Monday, October 22, 2012

Anniversary Fallout

Self Portrait, pencil sketch, December, 2008

I was born bald, then bald again
A  portrait from a serious time that had a happy ending.

Four years ago today, I lost "the girls' to cancer. I didn't lose my hair till December 30th, 2008, seventeen days after the first chemo treatment, just like predicted. It was a loss,much more devastating than the breasts. The breasts I would live without; they were contaminated. My hair? I cried remembering all the days I bitched I was having a bad hair day. My hair was gorgeous. It was thick and had a lovely soft wave. It looked like shit lying around the barber's chair.

 On the twenty ninth, I wishfully thought I might have made it through without hair loss. What did 'they' know? Then I ran my hand through my hair while watching TV that night and it came out in a clump. I got a buzz cut the next day and picked up the hot blond wig I had ordered when first diagnosed, September 22, 2008.

My blond wig 
 I have to stop to think about when my grandchildren's birthdays are, but these dates, I'll never forget. It wasn't the loss of my breasts, or my hair that burned them into memory, it was the overwhelming realization of just how vulnerable I really was. It was at this time, I picked up my art with gusto. I was determined to leave my kids a portfolio filled with whatever talent I had. Sounds hokey I know, but if I didn't make it through--if the treatments didn't work--I didn't want to be standing in front of the Lord explaining why I hadn't used the talent he gave me. It would have been embarrassing having taken his blessing for granted. Today, four years a survivor, I think He gave me a good kick in the ass. He also gave me my hair back as it was--well not exactly. When my hair was buzzed off, it was Richard Gere gray--they don't sell that in a paint tube. When it came back, my blond wig had been such a success at the bar, I headed straight for the salon and went  on the bottle.

Four Years Later, Here's to You Kid





44 comments:

  1. I am very moved by your post. I feel for all you have gone through, and am so pleased you are still kicking and making trouble in the blogosphere, and that I am one of your beneficiaries.

    As we have discussed, I lost an employer I greatly admired to breast cancer this year. I watched all she went through, including the loss of the "girls", the proud bearing of her bald head. She was so strong.

    Now the family is bracing for my sister-in-law's venture this week into intensive chemotherapy. This is a timely post. She will be in the hospital and no one will be able to visit her because of the possibility of infection. It is a very emotional time.

    I sent her a text complimenting her on her hair in a picture. She responded, "Wait till next week :(" I then told her that it is a temporary situation, that her hair will grow back in a more positive time - that we love the person, not the hair (even if it looks nice).

    All of us are on edge. But your post provides hope and the vision of happy endings.

    Thank you.

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    1. You are more than welcome to anything I know about this journey your sister in-law and your brother are about to take.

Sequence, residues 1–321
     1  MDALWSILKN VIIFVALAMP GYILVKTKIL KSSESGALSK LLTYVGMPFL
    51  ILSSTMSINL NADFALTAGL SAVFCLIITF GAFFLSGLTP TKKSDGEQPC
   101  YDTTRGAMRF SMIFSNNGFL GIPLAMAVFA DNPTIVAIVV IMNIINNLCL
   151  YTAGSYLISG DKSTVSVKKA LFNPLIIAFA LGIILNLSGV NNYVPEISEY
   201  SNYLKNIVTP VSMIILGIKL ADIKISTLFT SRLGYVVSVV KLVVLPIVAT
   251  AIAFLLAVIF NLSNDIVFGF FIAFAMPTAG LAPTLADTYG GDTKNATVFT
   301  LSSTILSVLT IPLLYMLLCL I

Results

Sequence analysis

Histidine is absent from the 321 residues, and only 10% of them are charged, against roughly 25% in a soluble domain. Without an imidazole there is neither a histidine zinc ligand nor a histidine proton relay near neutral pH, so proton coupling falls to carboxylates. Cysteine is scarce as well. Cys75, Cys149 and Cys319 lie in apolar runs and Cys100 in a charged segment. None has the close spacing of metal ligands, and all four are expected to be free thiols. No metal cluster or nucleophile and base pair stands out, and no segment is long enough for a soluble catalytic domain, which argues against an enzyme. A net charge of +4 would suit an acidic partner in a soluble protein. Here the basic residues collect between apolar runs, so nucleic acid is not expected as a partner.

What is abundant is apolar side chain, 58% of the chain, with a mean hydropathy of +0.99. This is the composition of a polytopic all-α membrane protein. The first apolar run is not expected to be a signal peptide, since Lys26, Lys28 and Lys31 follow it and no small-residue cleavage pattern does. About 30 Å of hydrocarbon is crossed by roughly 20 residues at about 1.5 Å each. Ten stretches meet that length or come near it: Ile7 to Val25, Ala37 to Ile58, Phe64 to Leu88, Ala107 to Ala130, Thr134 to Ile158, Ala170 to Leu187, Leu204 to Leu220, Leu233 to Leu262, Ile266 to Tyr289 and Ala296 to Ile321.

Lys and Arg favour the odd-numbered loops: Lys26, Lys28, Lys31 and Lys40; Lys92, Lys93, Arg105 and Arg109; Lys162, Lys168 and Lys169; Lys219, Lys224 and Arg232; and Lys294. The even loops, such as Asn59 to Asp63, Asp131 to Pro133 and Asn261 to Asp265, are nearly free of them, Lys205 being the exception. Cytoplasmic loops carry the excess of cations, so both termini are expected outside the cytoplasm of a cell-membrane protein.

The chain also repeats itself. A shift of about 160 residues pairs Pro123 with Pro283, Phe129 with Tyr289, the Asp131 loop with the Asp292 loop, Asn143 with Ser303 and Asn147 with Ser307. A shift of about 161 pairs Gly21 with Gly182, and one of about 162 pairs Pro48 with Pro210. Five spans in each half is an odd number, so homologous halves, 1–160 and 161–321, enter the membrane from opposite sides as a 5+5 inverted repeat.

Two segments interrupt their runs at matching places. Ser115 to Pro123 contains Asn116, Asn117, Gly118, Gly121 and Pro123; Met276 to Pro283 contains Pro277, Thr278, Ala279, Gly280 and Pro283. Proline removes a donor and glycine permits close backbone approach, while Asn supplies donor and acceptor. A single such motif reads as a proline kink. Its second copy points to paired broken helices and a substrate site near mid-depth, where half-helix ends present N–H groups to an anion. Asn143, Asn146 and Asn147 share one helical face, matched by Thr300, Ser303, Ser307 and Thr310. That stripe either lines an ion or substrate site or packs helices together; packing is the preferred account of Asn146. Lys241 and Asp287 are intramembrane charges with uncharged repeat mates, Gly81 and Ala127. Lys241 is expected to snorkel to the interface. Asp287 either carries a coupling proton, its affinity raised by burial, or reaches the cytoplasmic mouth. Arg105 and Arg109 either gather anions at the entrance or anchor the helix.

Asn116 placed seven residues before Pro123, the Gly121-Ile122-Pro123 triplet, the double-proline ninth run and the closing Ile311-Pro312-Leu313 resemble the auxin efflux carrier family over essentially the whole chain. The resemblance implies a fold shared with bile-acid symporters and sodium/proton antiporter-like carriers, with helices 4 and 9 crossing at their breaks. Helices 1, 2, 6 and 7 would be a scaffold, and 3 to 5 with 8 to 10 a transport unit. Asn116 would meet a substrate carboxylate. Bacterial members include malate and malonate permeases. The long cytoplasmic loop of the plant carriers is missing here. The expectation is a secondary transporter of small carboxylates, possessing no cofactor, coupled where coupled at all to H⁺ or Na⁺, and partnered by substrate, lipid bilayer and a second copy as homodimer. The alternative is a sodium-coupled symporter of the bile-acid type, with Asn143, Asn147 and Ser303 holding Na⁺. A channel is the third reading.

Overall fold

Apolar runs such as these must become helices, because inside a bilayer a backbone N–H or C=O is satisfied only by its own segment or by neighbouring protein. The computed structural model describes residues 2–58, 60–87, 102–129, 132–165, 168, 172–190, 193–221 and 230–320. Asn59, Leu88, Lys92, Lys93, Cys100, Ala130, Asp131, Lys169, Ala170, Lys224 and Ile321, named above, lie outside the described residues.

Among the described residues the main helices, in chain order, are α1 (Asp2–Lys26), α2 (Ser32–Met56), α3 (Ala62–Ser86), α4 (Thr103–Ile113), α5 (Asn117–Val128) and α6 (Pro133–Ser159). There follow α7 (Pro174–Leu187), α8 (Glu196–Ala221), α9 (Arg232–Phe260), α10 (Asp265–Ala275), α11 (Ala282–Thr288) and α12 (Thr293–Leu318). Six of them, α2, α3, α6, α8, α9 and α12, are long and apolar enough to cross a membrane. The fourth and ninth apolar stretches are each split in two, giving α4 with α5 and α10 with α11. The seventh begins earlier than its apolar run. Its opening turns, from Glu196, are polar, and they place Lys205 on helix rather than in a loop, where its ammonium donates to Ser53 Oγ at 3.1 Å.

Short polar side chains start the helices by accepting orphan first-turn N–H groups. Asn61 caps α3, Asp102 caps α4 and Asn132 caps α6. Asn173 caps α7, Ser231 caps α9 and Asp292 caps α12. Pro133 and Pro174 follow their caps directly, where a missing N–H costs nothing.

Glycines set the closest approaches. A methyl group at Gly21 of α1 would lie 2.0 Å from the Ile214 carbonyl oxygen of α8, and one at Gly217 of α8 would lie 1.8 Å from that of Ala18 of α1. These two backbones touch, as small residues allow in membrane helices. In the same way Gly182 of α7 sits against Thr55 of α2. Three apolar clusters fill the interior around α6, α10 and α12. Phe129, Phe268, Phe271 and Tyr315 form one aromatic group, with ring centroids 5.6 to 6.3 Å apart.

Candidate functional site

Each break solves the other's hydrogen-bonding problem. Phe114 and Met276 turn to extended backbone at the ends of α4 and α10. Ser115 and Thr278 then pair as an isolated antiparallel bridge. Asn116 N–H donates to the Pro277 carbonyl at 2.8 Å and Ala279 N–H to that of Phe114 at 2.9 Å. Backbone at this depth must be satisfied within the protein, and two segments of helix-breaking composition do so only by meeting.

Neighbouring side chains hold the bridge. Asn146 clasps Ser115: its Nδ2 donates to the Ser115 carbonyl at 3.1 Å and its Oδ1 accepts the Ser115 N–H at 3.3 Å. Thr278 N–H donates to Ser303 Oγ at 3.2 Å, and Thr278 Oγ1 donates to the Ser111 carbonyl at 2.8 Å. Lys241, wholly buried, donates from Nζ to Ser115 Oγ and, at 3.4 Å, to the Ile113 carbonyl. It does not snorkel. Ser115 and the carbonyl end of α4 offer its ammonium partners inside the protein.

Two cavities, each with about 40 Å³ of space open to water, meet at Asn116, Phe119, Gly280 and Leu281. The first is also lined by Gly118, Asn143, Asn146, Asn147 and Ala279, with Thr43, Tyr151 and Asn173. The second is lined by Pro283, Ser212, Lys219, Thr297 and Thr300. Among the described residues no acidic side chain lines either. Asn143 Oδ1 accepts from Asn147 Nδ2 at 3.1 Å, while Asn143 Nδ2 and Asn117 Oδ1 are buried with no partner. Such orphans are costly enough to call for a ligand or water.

I was very fortunate to have Ellis by my side and my own piss-and-vinegar, obstinate personality. I cried for five minutes, after walking back into the house after the diagnosis. After that, it was what do we do to fight this? A persistent quest for the best was on. I scheduled chemo for Monday mornings. I wanted to be back to myself by the weekend so we could carry on our social life. We did go out for New Years that year (and every weekend I was in treatment). I wore my wig. It was a relatively good one and worth the 400 or so we paid to keep my morale up. Keeping morale up is very important. I also visited all of my doctors and told them what was up and questioned how was the chemo going to affect my other ailments?

      I had/have Meniere's syndrome, which means salt is a very, very bad thing. One of my chemo drugs had a large amount of sodium in it. After the first treatment, I vomited during the night. It wasn't suppose to happen; they gave me an anti-nausea drug, but it did. I went to my ear specialist, explained the situation, and he said have them cut the sodium. They were able to do that. I also added a psychiatrist to my roster. Ellis is a strong guy, but I preferred to share my fears with a third, not-so-involved party. The shrink was very helpful. I got to rant and rave and I didn't upset him and I didn't upset Ellis. The partner of a sick person is suffering and needs attention too.

      I have never been to a cancer treatment or an oncologist's visit without Ellis--even now four years later for I'm still a bit concerned something will pop up. We're in this life together.

      Some friends were very supportive. Some friends I scared. They stopped calling. I understood given what I had learned from my parents demise from Alzheimer's--so I called them and made life easier. Keeping a full social life was very important to me. Vacations were important. I didn't want to miss anything.

      I don't know if this info helps at all Dan, but it's important to your brother and sister in-law to have the support of friends and family members at this time. It's scary and it's lonely, but it was also a big deal bonding time. The object is to stay in stride as best you can and UP the fun in life.

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  2. Tomorrow morning I'm off to see an old friend who has just been the death sentence, terminal and a short prediction. You are one impressive lady and I love the self portrait work. You also have great control of the graphite. Thanks for a wonderful post.